Who thinks employment discrimination is a positive thing? Right, nobody. And to counteract this, there is therefore a lot of attention. Because there is no connection between a person’s skills and their gender or ethnicity, there is especially a relatively large amount of attention to discrimination against women and ethnic minorities. However, there are other sources of discrimination in the labor market that are at least as problematic but much less discussed. Recent scientific research makes painfully clear the impact of physical attractiveness and social class.
The Beauty Premium
Physically attractive candidates are more likely to receive promotions, and earn about 20% more than others (Nault, Pitesa & Thau, 2020). This form of discrimination is called “lookism,” and recently there has even been specific legislation for it in the US. In addition to the effect of pure discrimination by managers, economists Mobius & Rosenblat (2006) also suggest an alternative explanation for the so-called ‘beauty premium’: attractive candidates communicate with more self-confidence, thus negotiating better outcomes.
One, in our view, unexpected and groundbreaking insight from the lookism literature is that it appears that lookism has different consequences for men than for women. Indeed, scientific research suggests that people find male attractive managers more competent, while this is not the case for women (Lee, et al. 2015). For hiring managers, looking for the best candidate, these are both relevant insights. Despite the “uncomfortable” nature of the aspect, it is important for hiring managers to be aware of this bias.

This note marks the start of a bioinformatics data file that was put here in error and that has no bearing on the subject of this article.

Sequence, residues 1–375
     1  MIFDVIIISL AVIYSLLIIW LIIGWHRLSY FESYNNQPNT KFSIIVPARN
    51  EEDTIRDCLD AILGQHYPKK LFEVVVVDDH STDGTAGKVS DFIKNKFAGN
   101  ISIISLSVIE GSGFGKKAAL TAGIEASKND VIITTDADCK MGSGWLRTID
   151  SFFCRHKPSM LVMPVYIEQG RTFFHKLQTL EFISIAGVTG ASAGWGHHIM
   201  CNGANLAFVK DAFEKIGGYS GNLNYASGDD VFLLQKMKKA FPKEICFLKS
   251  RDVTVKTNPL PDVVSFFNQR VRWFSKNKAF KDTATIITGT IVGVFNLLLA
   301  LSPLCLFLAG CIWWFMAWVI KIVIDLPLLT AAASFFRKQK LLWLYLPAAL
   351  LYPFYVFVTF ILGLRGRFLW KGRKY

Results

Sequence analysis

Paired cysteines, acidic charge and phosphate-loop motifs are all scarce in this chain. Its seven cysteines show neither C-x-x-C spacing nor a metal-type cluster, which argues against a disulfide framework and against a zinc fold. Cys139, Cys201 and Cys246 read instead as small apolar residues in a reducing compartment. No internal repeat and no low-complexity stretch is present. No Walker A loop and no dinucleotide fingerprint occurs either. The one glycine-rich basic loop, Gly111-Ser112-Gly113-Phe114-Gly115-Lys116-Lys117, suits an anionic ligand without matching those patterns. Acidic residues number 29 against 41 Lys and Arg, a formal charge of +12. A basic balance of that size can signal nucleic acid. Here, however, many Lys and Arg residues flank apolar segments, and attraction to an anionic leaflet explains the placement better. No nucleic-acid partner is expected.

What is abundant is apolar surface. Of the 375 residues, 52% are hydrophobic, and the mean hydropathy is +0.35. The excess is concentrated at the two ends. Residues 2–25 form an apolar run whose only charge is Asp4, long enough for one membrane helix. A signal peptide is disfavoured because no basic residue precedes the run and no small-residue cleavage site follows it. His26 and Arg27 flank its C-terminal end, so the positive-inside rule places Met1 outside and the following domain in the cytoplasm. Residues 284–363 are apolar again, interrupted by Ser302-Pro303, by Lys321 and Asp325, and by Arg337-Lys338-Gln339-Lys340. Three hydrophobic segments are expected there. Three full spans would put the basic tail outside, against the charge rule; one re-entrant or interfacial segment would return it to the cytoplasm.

Research on social class and managers’ salaries showed that managers who are the children of highly educated professionals earn about 17% more than when they come from ‘working-class’ families (Laurison & Friedman, 2016). Rivera and Tilcsik (2016) published a very nice experiment on the effect of social class in the prestigious American Sociological Review. First, they consulted a group of top lawyers and asked them about an “ideal CV” of a starting lawyer. Then they put together a fictitious CV based on that and sent it out to law firms. They sent out about 80 pieces of four variants of the CV, varying the name of a man/woman and mentioning extra-curricular activities of ‘higher-class’ (such as sailing) and ‘lower-class’ (such as soccer). The percentages of invited candidates were as follows: higher-class men: 16.25%; higher-class women: 3.8%; lower-class men: 1.28%; and lower-class women: 6.33%. In short, for men, higher social class gives more than 12(!) times more chances in the job market, while for women of higher social class these chances are almost halved. The study showed that for women, higher social class is seen as a negative signal for commitment to a tough job.
Be aware of biases
It’s not surprising that hiring managers have human biases in how they evaluate candidates. The last thing we want is to judge them. However, we do think it’s very important for the business to be aware of these biases because there is a risk of rejecting potentially suitable talent, or making false assumptions about candidates’ competencies.
In a previous blog, we wrote about what companies could do to be more effective in recruiting women for management roles. We argue that biases caused by physical appearance and social background should also be included in decision-making. Specifically, this can be done, for example, in CV reviews, or in debriefings of interviewed candidates. We think this is of great importance in a Netherlands that is rapidly becoming more diverse.